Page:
Julian Roder – Lagos


“What interested me about Lagos was the interchange of chaos and order in such a rapidly growing city. I already got a sense of this on my very first day there. I went to the Ministry of Information in order to obtain an official permit to photograph. There were goats in the hallways; noise was coming from a flat-screen TV on the wall; there was music playing somewhere. The only time it was quiet was when the electricity went out. I wandered through the building until I ran into the Lagos State Commissioner for Information and Strategy, who told me to go see the Director for Public Enlightenment. Luckily, the director was immediately willing to write me a permit by hand, but when he finished, the secretary who was supposed to type the text had to go home. I gave her money so that she could take a taxi later. As she typed the text, her boss suddenly realized it would be better to use the wording from an official master copy. As it turned out, this master copy was on the computer of a colleague, who was no longer there. Then someone suggested the director simply sign his business card, but he did not want to do this without talking to his supervisor, the ministry’s Public Relations Officer. When he finally reached her, she asked why the permit hadn’t been issued already.



Lagos is the largest city in Nigeria, and it has become a magnet for all of West Africa, largely due to the oil drilling in the country. Over ten million people live in Lagos and more keep coming. Although the city is growing, there is no place for it to grow because it is situated on two narrow strips of land that encircle a lagoon like the thumb and pointer finger of a hand. The resulting chaos is visible everywhere in the city. There are few streets but many cars, so I sat in traffic at least eight hours a day. The electricity fails constantly, and you can hear the sound of generators on every corner – some as small as a suitcase, others as large as a truck.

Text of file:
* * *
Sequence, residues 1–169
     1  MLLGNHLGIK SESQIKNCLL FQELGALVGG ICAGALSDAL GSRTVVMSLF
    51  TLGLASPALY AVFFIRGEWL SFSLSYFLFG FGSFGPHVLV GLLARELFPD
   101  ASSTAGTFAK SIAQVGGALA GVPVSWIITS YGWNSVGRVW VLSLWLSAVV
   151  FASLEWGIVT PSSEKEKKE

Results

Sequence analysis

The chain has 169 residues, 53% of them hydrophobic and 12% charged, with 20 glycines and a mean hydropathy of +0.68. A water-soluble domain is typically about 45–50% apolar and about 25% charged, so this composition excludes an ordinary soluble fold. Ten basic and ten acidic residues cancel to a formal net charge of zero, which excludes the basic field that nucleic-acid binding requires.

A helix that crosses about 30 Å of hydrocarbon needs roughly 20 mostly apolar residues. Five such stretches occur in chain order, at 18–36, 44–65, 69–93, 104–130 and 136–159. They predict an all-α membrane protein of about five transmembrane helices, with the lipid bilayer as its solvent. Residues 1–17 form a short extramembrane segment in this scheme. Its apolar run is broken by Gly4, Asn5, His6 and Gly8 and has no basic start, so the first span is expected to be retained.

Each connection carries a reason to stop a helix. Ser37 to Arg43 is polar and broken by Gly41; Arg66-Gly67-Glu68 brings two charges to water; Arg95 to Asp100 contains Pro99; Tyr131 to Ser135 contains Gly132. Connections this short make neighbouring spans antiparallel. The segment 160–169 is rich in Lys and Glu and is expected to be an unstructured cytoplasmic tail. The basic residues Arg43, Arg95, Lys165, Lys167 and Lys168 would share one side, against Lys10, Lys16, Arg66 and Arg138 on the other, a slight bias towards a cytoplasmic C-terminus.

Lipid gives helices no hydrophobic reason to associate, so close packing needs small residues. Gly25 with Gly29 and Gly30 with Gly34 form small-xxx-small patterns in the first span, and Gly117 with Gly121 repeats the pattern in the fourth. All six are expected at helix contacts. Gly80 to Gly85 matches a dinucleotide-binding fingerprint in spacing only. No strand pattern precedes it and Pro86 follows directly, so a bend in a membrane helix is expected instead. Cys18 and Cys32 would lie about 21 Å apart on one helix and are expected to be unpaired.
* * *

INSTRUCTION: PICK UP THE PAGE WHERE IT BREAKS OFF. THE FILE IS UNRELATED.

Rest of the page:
The city infrastructure is overloaded, but Lagos seems to be full of engineers. Everyone builds, tinkers, welds, and everyone finds their own solutions. That is what makes it all confusing. The moments of order you do encounter have for the most part been introduced by the new governor, Babatunde Fashola. He is a lawyer and was born in the city, and now he even has his own fan club. He puts in bus lanes where previously there was not even mass transit and installs streetlights powered by solar cells. He has slums cleared that spill out into the roads and resettles the people in barracks; then the area is landscaped and toilets are installed. He has bridges built over markets that obstruct traffic because the sellers and buyers are everywhere. A special police unit, the K.A.I. (Kick Against Indiscipline), makes sure that people also use the bridges.



Once a month the radio announces a ‘sanitation day’, and the inhabitants have to collect garbage. New hospitals and schools are springing up everywhere, and corruption is no longer tolerated. When I went to the Public Relations Officer a few days later to thank her, I did not offer her money, only a gift basket. She would not accept it. If the governor is going to be successful in making changes, then it will be because he focuses on individual solutions instead of trying to impose one new system to regulate everything. He works with what there is and improves on it. Chaos is not evil; it is simply the way things are.
It was not easy to work in Lagos. People become suspicious when they see someone with a camera. There are swindlers who photograph buildings and put them up for sale in the Internet. This is why many people have written on the fa?ades of their houses that they are not for sale. Once I wanted to photograph a man who was wearing a good suit and sitting in a corrugated shack, which was actually a liquor store, next to an impromptu garbage dump. He asked me what I was doing and what my mission was. I showed him my permit, and then everything was fine.”



via Hey, Hot Shot!